Risk factors for deterioration of nodular bronchiectatic Mycobacterium avium complex lung disease

The International Journal of Tuberculosis and Lung Disease : the Official Journal of the International Union Against Tuberculosis and Lung Disease
S J KimJ H Lee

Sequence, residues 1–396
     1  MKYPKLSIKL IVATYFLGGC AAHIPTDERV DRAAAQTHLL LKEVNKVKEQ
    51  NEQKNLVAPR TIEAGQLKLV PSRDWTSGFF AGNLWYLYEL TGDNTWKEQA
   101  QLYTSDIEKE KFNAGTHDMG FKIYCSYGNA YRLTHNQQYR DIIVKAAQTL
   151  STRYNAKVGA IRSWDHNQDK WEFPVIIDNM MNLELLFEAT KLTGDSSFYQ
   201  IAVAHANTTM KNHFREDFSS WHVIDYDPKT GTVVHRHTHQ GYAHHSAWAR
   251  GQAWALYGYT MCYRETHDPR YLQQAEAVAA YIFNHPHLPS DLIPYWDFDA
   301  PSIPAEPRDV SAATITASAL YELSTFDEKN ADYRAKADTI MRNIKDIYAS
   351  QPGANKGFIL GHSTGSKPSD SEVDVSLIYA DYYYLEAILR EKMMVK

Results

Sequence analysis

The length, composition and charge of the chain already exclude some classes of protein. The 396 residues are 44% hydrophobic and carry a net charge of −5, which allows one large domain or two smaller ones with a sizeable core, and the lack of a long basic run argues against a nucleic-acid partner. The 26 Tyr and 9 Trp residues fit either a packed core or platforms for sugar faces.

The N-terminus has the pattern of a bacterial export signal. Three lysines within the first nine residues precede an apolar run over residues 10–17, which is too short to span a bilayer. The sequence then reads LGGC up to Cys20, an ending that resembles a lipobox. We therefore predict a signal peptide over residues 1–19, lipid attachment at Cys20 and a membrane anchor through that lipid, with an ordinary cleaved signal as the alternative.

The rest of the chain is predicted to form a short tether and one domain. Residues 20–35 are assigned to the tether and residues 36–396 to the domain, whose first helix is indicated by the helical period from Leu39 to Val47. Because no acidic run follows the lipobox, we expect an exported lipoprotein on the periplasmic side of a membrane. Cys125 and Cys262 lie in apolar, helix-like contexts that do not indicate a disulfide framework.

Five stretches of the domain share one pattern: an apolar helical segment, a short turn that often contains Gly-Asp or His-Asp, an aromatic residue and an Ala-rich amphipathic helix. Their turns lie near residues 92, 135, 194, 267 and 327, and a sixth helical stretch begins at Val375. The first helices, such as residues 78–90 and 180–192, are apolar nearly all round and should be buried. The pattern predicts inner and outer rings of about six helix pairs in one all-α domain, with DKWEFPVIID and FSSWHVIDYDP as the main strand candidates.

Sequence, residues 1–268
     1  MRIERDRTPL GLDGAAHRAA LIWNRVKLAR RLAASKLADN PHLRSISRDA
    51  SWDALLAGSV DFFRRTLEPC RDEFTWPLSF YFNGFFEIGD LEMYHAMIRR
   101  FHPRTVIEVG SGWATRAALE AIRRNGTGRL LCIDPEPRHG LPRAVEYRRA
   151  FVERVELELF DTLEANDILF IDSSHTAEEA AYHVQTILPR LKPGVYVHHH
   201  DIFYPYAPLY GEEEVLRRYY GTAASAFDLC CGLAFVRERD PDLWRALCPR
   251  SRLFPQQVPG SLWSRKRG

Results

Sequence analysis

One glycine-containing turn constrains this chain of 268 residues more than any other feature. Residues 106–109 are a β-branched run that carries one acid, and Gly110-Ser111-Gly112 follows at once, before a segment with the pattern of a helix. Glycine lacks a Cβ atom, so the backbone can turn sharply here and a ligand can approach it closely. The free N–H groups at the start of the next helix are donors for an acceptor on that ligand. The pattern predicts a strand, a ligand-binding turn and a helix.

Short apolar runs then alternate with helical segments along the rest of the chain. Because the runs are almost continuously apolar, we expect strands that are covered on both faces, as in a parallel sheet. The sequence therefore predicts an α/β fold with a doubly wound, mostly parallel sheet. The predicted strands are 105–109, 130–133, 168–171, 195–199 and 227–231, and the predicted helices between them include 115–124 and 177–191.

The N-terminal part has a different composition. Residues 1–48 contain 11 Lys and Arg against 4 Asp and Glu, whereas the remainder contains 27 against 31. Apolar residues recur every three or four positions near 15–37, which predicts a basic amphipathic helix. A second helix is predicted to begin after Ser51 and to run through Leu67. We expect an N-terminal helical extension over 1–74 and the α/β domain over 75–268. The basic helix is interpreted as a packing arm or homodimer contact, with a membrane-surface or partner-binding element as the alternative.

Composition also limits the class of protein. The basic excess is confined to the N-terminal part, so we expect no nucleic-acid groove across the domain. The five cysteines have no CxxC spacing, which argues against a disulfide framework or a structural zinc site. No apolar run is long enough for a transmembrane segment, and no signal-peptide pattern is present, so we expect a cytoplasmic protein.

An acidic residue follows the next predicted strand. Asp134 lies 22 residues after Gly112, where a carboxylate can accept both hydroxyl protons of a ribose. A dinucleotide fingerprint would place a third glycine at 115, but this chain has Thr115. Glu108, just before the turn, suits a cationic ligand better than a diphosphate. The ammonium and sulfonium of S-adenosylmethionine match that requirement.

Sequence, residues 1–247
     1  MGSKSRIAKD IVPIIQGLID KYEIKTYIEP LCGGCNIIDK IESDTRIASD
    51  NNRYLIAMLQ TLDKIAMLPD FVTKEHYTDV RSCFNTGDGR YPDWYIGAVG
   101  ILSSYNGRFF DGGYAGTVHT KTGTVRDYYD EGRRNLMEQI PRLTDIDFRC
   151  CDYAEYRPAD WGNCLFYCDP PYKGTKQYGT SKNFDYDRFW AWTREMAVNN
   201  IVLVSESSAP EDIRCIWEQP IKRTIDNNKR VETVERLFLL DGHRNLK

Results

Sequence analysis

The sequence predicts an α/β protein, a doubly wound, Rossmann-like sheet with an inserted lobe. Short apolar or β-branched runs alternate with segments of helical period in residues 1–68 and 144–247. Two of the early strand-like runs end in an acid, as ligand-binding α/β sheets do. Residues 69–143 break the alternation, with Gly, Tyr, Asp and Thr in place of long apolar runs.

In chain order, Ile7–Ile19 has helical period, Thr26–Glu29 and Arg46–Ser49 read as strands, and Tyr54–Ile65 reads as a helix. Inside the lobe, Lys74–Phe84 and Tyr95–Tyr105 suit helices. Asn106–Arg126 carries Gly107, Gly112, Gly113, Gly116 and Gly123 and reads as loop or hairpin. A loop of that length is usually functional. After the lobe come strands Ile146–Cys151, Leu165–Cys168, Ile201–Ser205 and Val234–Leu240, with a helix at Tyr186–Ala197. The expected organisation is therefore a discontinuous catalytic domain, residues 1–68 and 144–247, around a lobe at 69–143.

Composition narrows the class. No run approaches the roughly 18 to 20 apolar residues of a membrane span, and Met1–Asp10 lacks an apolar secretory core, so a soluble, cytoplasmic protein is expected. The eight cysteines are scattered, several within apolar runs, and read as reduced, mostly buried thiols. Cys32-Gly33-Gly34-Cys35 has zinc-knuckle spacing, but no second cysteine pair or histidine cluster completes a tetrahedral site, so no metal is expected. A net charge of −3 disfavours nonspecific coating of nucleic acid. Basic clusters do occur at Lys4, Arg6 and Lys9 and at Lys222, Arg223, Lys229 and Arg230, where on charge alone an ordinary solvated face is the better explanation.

SETTING The long-term natural course of Mycobacterium avium complex (MAC) disease with nodular bronchiectasis, the most common pulmonary non-tuberculous mycobacterial disease, is not well described. To identify risk factors for the deterioration of nodular bronchiectatic MAC lung disease over a 5-year follow-up period. Clinical and laboratory data of 67 patients with nodular bronchiectatic MAC lung disease were collected. Chest computerised tomographic images were used to count the number of lung segments involved at diagnosis and measure subcutaneous fat thickness during follow-up. The 34 patients who showed deterioration had significantly lower body mass index (BMI) (P = 0.004) and % predicted forced vital capacity (P = 0.032), higher numbers of lung segments involved (P < 0.001) and MAC-positive sputum cultures (P = 0.028), and thinner chest subcutaneous fat during follow-up (P < 0.001) than patients without deterioration. In particular, patients with both BMI <21.0 kg/m(2) and more than four lung segments involved had a 240-fold increased risk of deterioration (P < 0.001). Patients with poor nutritional status and extensive lung involvement tend to experience deterioration of nodular bronchiectatic MAC lung disease.


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